The PGA Tour: Sand Trap Ahead

As it negotiates new TV deals, the Tour finds itself in a weakened position

When the PGA Tour negotiated its last TV contract in 2001, Tiger-mania was in full scream, and ratings were soaring. Betting that pro golf was the next mainstream sport, networks and cable channels forked over a total of $850 million in rights fees between 2003 and 2006 -- a 50% hike over the preceding four-year deal.

Fast-forward to the present, and it's clear the TV executives took a bogey on those contracts. When Tiger Woods fell into a relative slump in 2003 and 2004, ratings for tournaments broadcast by the networks dropped from an average 3.6 in 2001 to 2.9 so far this year, according to Nielsen Media Research. As a result, ABC, NBC, and CBS are expected to lose collectively as much as $50 million on their golf contracts this year. And as the PGA Tour and TV execs begin negotiations in coming weeks on a new four-year deal beginning in 2007, the networks are threatening to trim coverage -- including, possibly, a cut in rights fees. Speculation is rampant that ABC is considering a reduction in broadcasts of its fall golf events in hopes of landing a piece of the next NASCAR contract. An ABC executive says that no decision has been made.

But network executives, who asked not to be identified, are unanimous that something has to give. "The economics of golf have gotten all out of whack," fumes one TV sports chieftain. "I don't think any of the networks are going to air golf without a better sense they're going to make a profit."

However, Ed Moorhouse, co-chief operating officer of the PGA Tour, notes that it already has locked up title sponsors for more than 20 of its 42 tournaments through 2010. And since those contracts stipulate that roughly half of the sponsors' fees go toward buying ads on golf broadcasts, Tour officials say that -- unlike other pro sports -- they've already presold a big chunk of commercial spots for broadcasters. "I think the state of pro golf is fine," says Moorhouse. "We still have the best business model of any sport."

The mere prospect of a cut in rights fees -- which, in turn, could result in less prize money at some tournaments -- is prompting Tour officials to make changes to their lineup. To maintain viewer interest as the season drags into fall, sources say the Tour may adopt a variation of NASCAR's successful "Chase to the Championship." Under the plan, players would spend the first two-thirds of the season trying to earn points that qualify them for a three-tournament showdown in mid-August. Adopting a points system could also entice top pros to play more events, ending the ratings drop that occurs when stars like Woods and Phil Mickelson begin scaling back their schedules in early August.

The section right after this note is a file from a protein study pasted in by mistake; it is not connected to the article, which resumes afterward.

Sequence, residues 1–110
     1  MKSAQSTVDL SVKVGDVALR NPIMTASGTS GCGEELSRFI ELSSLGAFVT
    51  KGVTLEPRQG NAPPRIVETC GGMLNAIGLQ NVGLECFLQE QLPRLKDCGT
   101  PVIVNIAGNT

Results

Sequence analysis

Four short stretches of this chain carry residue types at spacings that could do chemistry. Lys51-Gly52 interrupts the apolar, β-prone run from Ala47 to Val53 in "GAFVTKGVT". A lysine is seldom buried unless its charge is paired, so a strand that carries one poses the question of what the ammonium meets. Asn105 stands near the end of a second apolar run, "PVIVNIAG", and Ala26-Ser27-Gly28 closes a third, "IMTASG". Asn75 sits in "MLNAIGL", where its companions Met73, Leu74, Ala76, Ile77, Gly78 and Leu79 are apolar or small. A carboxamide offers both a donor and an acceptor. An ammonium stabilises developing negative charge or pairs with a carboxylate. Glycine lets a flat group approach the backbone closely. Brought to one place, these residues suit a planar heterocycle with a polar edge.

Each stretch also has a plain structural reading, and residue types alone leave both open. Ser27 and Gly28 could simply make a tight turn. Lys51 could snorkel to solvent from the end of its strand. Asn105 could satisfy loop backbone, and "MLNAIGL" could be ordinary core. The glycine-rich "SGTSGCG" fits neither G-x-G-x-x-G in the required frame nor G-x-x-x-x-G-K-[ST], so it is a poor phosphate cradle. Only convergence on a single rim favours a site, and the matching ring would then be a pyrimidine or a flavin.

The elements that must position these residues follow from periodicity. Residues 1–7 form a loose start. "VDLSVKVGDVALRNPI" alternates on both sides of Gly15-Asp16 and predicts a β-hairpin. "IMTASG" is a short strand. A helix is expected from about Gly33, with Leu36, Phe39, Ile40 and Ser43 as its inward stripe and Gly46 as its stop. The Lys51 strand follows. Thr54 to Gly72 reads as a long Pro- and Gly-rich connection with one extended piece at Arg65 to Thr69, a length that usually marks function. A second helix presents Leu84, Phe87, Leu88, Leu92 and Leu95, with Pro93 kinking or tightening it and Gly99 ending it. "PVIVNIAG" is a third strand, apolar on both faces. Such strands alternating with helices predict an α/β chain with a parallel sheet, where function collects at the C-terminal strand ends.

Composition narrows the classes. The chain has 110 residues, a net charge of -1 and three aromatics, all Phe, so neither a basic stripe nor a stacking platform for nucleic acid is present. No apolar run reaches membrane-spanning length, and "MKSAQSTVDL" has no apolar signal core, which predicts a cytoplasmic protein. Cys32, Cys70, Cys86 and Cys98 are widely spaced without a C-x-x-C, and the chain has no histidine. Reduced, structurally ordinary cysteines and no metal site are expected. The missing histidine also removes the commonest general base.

Still, some experts say the PGA Tour's real problem is too many hours of golf programming: Under the current schedule, the Tour stages tournaments almost every weekend between January and early November. Says Scott Seymour, senior vice-president for golf events at New York sports marketer Octagon Worldwide Ltd.: "It's the season that never ends."

In response to such criticism, sources say that PGA bigwigs are considering moving the season-ending Tour Championship from November to mid-September, just about the time the NFL season starts to heat up. After that, sources say, one plan would be a series of reduced-purse events with fields made up largely of second- and third-tier players scrambling to earn enough prize money to qualify for a slot on the Tour in the following year. But these late-season tourneys could wind up on cable channels like USA Network and the Golf Channel, which would probably pay only a fraction of what the networks paid in the past.

Already, the prospect of a shakeup is sending tremors through the golf world, particularly among smaller tourneys. "If you shorten the season, where are the opportunities for the younger players?" asks Jim Kline, tournament director for the Reno-Tahoe Open. Yet even Kline concedes that he tends to watch events "when Tiger's playing."

By Dean Foust in Atlanta

    Before it's here, it's on the Bloomberg Terminal.